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East Bay Boys Seek Indoor Soccer National Title - CBS 5
Tuesday, 06 July 2010 21:24
futsalwireCBS 5Over the last year and a half, the boys have won a series of local and regional futsal tournaments to qualify to play at the US Futsal Federation National ...


 Jul 6, 2010 11:54 pm US/Pacific East Bay Boys Seek Indoor Soccer National Title RICHMOND (CBS 5 / BCN) ? Click to enlarge1 of 1 The Eagles, a futsol team representing East Bay communities, will compete for the national championship in Long Beach CBS Close numSlides of totalImages World Cup soccer excitement may be reaching a fever pitch.

But for 18 boys from the Bay Area, the games have not yet begun.

The Eagles, a soccer team of 13- and 14-year-old boys from the East Bay, are headed down to Long Beach Wednesday to compete in a national championship for an indoor form of the game known as futsal.

Most of the boys on the Eagles team come from disadvantaged, low-income families and hail from cities including Richmond, San Pablo, Oakland and Hayward.

Over the last year and a half, the boys have won a series of local and regional futsal tournaments to qualify to play at the U.S.

Futsal Federation National Championships.

Futsal is an indoor form of soccer played on a basketball court.

To prepare for the upcoming matches, the team's head coach Mariano Gil said the boys have been training hard; for the past two weeks, the boys have been practicing outside in Richmond two hours a day, except on weekends, and haven't missed a single practice.

"The chemistry that the kids have makes it that they want to be there," Gil said.

The boys have worked equally hard in the classroom, Gil said, because to play on the team, they have to maintain good grades.

"They're good kids, they're disciplined," Gil said over the phone.

"But they've got to have good grades, too." Gil, who has coached the team based out of the Richmond Futsal Academy for the past five years, said that when he asks the boys to turn in their report cards, he stresses the importance of succeeding in school.

"There's always a couple of kids put on probation, but then I tell them, 'This is for real.

Next time you bring grades like this you won't be able to play,'" he said.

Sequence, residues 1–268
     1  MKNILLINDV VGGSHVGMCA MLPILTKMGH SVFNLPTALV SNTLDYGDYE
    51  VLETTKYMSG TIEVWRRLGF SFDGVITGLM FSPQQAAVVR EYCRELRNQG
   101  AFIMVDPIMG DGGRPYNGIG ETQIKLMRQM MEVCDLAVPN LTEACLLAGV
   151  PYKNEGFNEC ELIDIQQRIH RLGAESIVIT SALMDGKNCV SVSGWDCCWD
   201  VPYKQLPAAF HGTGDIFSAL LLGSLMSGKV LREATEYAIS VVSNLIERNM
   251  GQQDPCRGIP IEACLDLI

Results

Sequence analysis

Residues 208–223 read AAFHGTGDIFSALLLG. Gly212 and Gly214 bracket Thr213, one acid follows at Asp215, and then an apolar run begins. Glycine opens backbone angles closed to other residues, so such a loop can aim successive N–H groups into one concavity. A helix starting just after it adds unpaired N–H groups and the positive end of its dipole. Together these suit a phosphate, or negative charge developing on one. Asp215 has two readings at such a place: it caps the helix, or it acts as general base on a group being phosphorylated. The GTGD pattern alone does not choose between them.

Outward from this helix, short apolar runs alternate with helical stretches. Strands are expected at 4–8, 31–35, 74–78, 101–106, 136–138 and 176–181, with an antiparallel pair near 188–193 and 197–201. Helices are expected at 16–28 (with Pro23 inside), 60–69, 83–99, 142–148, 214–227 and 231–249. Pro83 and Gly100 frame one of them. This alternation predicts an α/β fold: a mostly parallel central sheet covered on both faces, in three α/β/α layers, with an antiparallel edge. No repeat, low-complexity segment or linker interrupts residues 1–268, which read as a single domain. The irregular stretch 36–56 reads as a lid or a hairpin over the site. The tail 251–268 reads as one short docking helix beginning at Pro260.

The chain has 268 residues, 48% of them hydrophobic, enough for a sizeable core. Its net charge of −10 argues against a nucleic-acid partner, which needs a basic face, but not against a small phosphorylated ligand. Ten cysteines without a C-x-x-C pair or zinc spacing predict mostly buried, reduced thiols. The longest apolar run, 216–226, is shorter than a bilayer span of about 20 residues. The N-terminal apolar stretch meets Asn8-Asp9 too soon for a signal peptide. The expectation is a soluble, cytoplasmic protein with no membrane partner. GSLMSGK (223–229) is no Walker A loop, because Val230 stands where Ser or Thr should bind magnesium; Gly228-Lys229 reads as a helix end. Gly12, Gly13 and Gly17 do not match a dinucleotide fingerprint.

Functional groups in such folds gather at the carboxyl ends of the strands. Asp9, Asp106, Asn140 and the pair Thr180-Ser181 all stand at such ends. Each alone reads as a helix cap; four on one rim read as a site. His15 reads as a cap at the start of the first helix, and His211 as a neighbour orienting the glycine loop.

Futsal is typically played with five players, one of whom is a goalie, with about eight players on the roster.

Gil said the 18 boys will compete on two separate teams in the competition.

In addition to regular league play, the boys have honed their skills and gained confidence by competing in approximately 15 tournaments per year, said Gabriel Hernandez, the father of one of the players.

Because the teams are so small, all players have to "step up" and play at the level of the team's best players, said Hernandez, who echoed Gil's observations that the demanding structure of soccer has carried over into the boys' daily lives.

"They hear about bad things that happen in the Richmond, and they couldn't imagine doing something like that," Hernandez said.

"They want people to know that there's good kids, too." Hernandez' 14-year-old son, Tlaca, exemplifies how the game has been a positive influence in the boys' lives, he said.

In 2003, when he was 7 years old, Tlaca raised more than $1,000 to help the children of a woman shot to death in a confrontation with San Jose police.

Three years later, Tlaca was again inspired to give back to a grieving community when he and his friends raised almost $2,500 to help pay for the funeral of family friend slain in a gang-related shooting.

Hernandez paused and became emotional when he spoke of "the boys that didn't make it" and were drawn in by the pull of the gang-dominated streets.

He said he hopes the team will be a role model in the community.

"When you have this group of boys that are doing well, it's good," he said.

"Then the kids in that area can look up to something like that, that they can be that same thing." The Eagles will face two out-of-state teams in their first matches on Thursday.

"I don't think they're sleeping, they're anxious and nervous," Hernandez said.

"There's all the butterflies, and sort of a calm, too." (? CBS Broadcasting Inc.